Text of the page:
Code language: Bash (bash)

We specified XFS as the file system to be created.

Next, create a mount point with the mkdir command, and then mount the volume with the mount command.

sh-4.2$ sudo mkdir /data sh-4.2$ sudo mount /dev/nvme1n1 /data
Code language: Bash (bash)

Once again, check the status with the lsblk command.

sh-4.2$ lsblk -f NAME FSTYPE LABEL UUID MOUNTPOINT nvme0n1 ├─nvme0n1p1 xfs / 9e2f3182-7352-4382-adbd-c67f6be433ed / └─nvme0n1p128 vfat 2EE0-5AE9 /boot/efi nvme1n1 xfs 5c851eca-35be-4d6a-a4e8-e10c1efed050 /data
Code language: Bash (bash)

You can check the file system and mount point.

Write a file to try it out.

sh-4.2$ cd /data sh-4.2$ sudo touch test.txt sh-4.2$ ls test.txt
Code language: Bash (bash)

We were able to access the mount point and install the files.

Thus, after attaching the EBS, we found that by creating and mounting the file system, we could use it just like normal storage.

How to automatically mount EBS on reboot

We will see how to automatically mount the EBS volume.
On the official website, you can find instructions on how to edit /etc/fstab. Open the file with an editor such as vim, and edit it as follows.

sh-4.2$ sudo vim /etc/fstab sh-4.2$ cat /etc/fstab # UUID=9e2f3182-7352-4382-adbd-c67f6be433ed / xfs defaults,noatime 1 1 UUID=2EE0-5AE9 /boot/efi vfat defaults,noatime,uid=0,gid=0,umask=0077,shortname=winnt 0 0 UUID=5c851eca-35be-4d6a-a4e8-e10c1efed050 /data xfs defaults,nofail 0 2
Code language: Bash (bash)

The third line is the relevant part: specify the UUID confirmed by the lsblk command and write it so that it is automatically mounted at the mount point (/data).

To confirm the correctness of the configuration, you can follow the steps below.

  1. Unmount the EBS volume
  2. Mount all volumes according to /etc/fstab
  3. Access the mount point.

If you get to the end without any errors, you can call it a success.

sh-4.2$ sudo umount /data sh-4.2$ sudo mount -a sh-4.2$ ls /data test.txt
Code language: Bash (bash)

We were able to proceed to the end successfully.
Now the EBS volume will be mounted automatically after reboot.

SSM documentation to make EBS ready for use

Finally, we will show you how to use the SSM document AWS-RunShellScript to automatically configure EBS to be ready for use on a Linux instance (Amazon Linux 2).
Once again, the shell script to run is described below.

- !Sub | for d in $(lsblk -n -r -p | grep disk | awk '{ print $1 }' ) do if [ "$(sudo file -s -b $d)" == data ]; then sudo mkfs -t ${FileSystem} $d sudo mkdir ${MountPoint} sudo mount $d ${MountPoint} uuid=$(sudo blkid $d -o export | grep ^UUID) echo -e "$uuid\t/data\t${FileSystem}\tdefaults,nofail\t0\t2" >> /etc/fstab fi done
Code language: YAML (yaml)

The contents of the script are as described above, but in case you are interested, here is a brief explanation.

  1. run the lsblk command to obtain the device name whose TYPE is disk.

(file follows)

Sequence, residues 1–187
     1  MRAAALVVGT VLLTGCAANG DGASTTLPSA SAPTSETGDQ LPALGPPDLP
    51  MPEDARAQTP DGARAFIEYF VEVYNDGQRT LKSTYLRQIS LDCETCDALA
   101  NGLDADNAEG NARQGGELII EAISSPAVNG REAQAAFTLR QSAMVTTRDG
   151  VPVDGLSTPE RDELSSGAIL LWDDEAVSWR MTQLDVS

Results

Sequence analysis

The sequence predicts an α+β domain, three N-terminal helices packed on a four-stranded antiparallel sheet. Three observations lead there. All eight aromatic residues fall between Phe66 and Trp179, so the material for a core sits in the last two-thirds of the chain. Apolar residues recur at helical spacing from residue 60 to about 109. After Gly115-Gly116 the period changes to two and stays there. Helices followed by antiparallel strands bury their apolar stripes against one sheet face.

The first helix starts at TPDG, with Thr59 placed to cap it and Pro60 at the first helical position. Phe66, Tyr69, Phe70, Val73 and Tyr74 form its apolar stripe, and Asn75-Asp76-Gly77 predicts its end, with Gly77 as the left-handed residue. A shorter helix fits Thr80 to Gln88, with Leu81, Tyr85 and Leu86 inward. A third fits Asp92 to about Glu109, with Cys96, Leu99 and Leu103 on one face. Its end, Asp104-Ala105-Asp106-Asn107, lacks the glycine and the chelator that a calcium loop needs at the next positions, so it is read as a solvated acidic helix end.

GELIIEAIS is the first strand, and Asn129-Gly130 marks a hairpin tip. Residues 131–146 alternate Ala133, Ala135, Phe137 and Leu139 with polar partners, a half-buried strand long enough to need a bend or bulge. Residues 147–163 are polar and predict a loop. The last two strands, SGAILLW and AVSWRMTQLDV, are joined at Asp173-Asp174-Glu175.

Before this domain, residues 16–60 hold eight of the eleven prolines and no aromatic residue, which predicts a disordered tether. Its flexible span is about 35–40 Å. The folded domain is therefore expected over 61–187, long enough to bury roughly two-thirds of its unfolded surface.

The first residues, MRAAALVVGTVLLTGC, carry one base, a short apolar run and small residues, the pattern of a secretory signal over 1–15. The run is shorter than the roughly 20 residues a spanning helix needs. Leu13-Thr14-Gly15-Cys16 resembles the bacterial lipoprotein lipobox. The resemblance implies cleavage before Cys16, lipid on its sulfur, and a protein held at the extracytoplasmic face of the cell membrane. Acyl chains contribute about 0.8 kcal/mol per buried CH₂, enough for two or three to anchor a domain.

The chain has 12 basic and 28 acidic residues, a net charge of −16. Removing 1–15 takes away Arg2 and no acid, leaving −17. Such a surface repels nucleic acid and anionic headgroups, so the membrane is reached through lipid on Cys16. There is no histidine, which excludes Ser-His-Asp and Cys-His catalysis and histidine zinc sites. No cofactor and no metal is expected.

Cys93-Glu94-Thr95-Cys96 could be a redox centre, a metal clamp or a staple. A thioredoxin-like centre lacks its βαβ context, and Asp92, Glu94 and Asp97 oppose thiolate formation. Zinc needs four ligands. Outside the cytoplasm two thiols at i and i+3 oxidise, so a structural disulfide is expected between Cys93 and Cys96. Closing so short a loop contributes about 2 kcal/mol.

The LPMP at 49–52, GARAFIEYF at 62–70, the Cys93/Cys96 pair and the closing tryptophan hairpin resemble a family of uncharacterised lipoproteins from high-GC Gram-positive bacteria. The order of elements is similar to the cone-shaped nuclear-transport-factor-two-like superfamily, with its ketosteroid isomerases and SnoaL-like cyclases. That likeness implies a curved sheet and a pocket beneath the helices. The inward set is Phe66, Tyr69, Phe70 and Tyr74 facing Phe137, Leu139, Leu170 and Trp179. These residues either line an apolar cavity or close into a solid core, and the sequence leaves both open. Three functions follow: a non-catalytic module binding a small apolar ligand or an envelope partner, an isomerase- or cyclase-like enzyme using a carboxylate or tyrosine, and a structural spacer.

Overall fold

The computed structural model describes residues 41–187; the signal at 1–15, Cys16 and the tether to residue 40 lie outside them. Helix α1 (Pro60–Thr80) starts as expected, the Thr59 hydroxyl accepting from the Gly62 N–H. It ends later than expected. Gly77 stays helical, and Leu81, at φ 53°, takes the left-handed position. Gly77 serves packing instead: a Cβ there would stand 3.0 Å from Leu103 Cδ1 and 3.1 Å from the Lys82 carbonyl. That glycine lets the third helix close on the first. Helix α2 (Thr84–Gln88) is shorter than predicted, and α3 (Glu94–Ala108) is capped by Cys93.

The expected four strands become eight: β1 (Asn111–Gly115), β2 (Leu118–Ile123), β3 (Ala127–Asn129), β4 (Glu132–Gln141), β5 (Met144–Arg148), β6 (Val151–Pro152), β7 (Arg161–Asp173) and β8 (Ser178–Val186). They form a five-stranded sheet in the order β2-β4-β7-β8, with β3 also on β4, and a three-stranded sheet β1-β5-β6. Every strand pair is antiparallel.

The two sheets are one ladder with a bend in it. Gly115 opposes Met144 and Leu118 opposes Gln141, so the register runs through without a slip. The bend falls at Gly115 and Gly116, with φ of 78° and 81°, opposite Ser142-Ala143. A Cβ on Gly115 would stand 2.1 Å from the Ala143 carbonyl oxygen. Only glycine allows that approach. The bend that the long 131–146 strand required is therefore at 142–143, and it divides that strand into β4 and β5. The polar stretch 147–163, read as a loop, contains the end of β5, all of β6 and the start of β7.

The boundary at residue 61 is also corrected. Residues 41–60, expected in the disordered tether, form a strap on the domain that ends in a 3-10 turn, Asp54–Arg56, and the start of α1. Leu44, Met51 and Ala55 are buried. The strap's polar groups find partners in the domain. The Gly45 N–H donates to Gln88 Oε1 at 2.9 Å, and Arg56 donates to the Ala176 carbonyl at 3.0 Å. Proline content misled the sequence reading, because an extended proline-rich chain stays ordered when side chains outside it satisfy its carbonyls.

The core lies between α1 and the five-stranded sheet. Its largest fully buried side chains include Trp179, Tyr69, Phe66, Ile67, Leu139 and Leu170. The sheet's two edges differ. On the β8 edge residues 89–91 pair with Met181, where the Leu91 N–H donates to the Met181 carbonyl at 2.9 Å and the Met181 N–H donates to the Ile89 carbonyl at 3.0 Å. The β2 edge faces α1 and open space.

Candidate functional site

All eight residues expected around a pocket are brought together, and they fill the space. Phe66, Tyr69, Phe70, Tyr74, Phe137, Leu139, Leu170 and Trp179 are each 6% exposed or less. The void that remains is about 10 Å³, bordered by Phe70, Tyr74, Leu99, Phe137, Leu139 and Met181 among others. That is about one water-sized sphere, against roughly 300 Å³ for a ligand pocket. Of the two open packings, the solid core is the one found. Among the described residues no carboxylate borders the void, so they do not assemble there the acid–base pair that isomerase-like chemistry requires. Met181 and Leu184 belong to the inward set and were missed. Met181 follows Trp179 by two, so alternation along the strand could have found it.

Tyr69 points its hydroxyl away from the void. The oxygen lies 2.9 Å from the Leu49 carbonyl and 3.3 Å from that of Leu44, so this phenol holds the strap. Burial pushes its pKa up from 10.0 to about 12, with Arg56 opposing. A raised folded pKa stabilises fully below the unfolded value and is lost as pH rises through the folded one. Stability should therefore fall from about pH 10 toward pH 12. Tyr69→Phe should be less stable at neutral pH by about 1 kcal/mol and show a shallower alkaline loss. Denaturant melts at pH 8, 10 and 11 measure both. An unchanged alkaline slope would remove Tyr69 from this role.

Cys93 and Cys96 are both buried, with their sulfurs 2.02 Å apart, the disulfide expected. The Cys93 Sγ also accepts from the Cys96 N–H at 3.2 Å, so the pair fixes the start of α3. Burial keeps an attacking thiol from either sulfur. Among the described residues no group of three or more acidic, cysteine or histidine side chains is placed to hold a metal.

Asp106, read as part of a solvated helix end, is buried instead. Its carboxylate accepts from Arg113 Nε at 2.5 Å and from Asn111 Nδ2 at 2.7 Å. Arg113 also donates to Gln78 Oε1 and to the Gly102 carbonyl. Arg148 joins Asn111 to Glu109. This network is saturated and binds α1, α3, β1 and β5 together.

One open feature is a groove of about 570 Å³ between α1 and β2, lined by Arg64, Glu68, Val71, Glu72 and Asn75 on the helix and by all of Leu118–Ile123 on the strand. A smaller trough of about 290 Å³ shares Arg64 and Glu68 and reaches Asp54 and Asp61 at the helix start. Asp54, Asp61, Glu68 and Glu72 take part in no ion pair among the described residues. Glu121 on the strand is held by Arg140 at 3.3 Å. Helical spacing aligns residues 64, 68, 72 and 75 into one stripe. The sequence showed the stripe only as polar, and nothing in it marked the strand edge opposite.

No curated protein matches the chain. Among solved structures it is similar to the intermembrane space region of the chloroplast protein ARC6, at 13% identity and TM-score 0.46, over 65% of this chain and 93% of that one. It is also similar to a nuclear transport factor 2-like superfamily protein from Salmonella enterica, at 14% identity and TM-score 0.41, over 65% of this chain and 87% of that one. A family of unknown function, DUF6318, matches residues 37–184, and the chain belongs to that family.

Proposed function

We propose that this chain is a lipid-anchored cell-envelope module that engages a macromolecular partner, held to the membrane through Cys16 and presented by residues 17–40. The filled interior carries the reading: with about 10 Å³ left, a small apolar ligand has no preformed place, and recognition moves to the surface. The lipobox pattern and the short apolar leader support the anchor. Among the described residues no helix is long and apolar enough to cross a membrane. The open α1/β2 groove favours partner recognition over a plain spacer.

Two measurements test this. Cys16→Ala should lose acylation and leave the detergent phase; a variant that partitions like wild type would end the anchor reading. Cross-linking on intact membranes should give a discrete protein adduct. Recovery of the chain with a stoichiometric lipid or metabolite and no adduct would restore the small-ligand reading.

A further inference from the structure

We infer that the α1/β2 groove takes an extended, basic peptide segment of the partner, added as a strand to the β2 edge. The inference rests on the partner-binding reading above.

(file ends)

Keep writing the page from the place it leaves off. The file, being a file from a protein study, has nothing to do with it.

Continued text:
2. use the file command to check the information of each device, and regard the one with “data” as an EBS and an unprocessed device, and proceed with the processing.
  3. after creating the file system, mount the EBS.
  4. obtain UUID and add it to /etc/fstab for automatic mount setting.

This script will be automatically executed when the CloudFormation stack is created.

SSM Document Result.

Access instance 3 to verify that the script worked successfully.

% aws ssm start-session \ --target i-0bbda6e4d4e4bcdc3 Starting session with SessionId: root-03c8972378759f257 sh-4.2$ sh-4.2$ lsblk NAME MAJ:MIN RM SIZE RO TYPE MOUNTPOINT nvme0n1 259:0 0 8G 0 disk ├─nvme0n1p1 259:1 0 8G 0 part / └─nvme0n1p128 259:2 0 10M 0 part /boot/efi nvme1n1 259:3 0 1G 0 disk /data
Code language: Bash (bash)

You can see that the file system has been created on the EBS and mounted successfully.

Check the settings related to automount.

sh-4.2$ cat /etc/fstab # UUID=b2d2af18-472e-4a07-a7f5-313592c907b9 / xfs defaults,noatime 1 1 UUID=7882-6D24 /boot/efi vfat defaults,noatime,uid=0,gid=0,umask=0077,shortname=winnt 0 0 UUID=a38658f8-ad51-417d-b7a7-4d865bd500b9 /data xfs defaults,nofail 0 2 sh-4.2$ sudo umount /data sh-4.2$ lsblk NAME MAJ:MIN RM SIZE RO TYPE MOUNTPOINT nvme0n1 259:0 0 8G 0 disk ├─nvme0n1p1 259:1 0 8G 0 part / └─nvme0n1p128 259:2 0 10M 0 part /boot/efi nvme1n1 259:3 0 1G 0 disk sh-4.2$ sudo mount -a sh-4.2$ lsblk NAME MAJ:MIN RM SIZE RO TYPE MOUNTPOINT nvme0n1 259:0 0 8G 0 disk ├─nvme0n1p1 259:1 0 8G 0 part / └─nvme0n1p128 259:2 0 10M 0 part /boot/efi nvme1n1 259:3 0 1G 0 disk /data
Code language: Bash (bash)

We have confirmed that the EBS information is written to /etc/fstab and mounted accordingly.

Summary

We have confirmed how to attach EBS to an EC2 instance using CloudFormation.
We confirmed the steps to make the attached EBS available for use and the steps to mount it automatically.
We have shown you how to use SSM documentation to automatically set your EBS to a usable state.